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  5. "Gri geceler."

"Gri geceler."

Translation:Gray nights.

July 13, 2015

23 Comments


https://www.duolingo.com/profile/Relysis-kun

I guess "gri" comes from French "gris"? Funny how it's surprisely (a little bit) easier to learn turkish when you speak French :D


https://www.duolingo.com/profile/mizinamo

Yes, it does, and yes, it is - especially once you get used to spelling everything phonetically! (My favourite is enstrüman for French instrument.)


https://www.duolingo.com/profile/Darwin1871

Interesting and helpful. Are there more examples?


https://www.duolingo.com/profile/Paluure

"Chateu" and "Şato" "Coiffeur" and "Kuaför" "Ascenseur" and "Asansör" and etc.

you can see all from here: http://frankofoni.blogcu.com/fransizca-dan-turkce-ye-gecen-kelime-sayisi-5000/7560501


https://www.duolingo.com/profile/estrela190

Thank you! I was really looking for this kind of list.


https://www.duolingo.com/profile/ZoeThalassinou

Garson, tuvalet,


https://www.duolingo.com/profile/ikram17015

It's even easier when you know Arabic and French


https://www.duolingo.com/profile/mizinamo

Probably best would be Persian and French. (I think most if not all of Turkish's Arabic vocabulary came through Persian, so that would hopefully kill two birds with one stone.)


https://www.duolingo.com/profile/alibektas34

"Killing two birds with one stone". Is this an English idiom or a direct translation? Because the same idiom exist in Turkish, too. "Bir taşla iki kuş vurmak."


https://www.duolingo.com/profile/AmirParsaK2

It exists in Farsi as well.


https://www.duolingo.com/profile/Abenteuer-Zeit

While in Czech we rather kill two flies with one blow.


https://www.duolingo.com/profile/Sal1ap

But I think Persian and Azeri Turkish is even better. I'm an Azeri Turk from Iran so this course (Istanbul Turkish) is like a piece of cake for me


https://www.duolingo.com/profile/aly.hes

We say "gris" in Spanish too :) I won't forget this color haha


https://www.duolingo.com/profile/Hind274082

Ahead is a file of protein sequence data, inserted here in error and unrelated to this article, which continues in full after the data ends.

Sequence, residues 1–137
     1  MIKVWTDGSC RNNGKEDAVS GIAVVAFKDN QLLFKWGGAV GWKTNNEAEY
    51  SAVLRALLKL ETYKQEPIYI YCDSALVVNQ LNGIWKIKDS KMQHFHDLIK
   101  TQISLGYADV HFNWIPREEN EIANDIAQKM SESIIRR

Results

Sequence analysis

Thought the same .


https://www.duolingo.com/profile/EfraimIrmak

Why do Turks say iyi geceLER for good night (singular)? Or iyi günLER for good day (sing)?


https://www.duolingo.com/profile/EdvntL

Because they're warm and generous :-) I think it's just the way the language works. In Spanish you can also use the plural: buenos días, buenas tardes, buenas noches.


https://www.duolingo.com/profile/KobesCameron

Are White Nights and Gray Nights something specific to Turkish culture, or is this just another Duolingo idiom?


https://www.duolingo.com/profile/oedipusface

The White Nights is a(n excellent) book by Dostoevsky. Not sure about gray nights.


https://www.duolingo.com/profile/nehir655244

What does it me gri geceler im turkish and i dont under stend


https://www.duolingo.com/profile/AlexanderF258875

I feel like sometimes Duolingo is purposefully trying to confuse us.

When I clicked on Taksim it said it translates to Taksim(???) and my Taxi.


https://www.duolingo.com/profile/SafiaWessam

"Taksim" is name of popular square in turkey


https://www.duolingo.com/profile/Sal1ap

How about "boz" for gray? Az we Azeri Turks say.


https://www.duolingo.com/profile/Heikki908928

Grey is the correct in spelling in British English. Just wanted to check if both variants are accepted.

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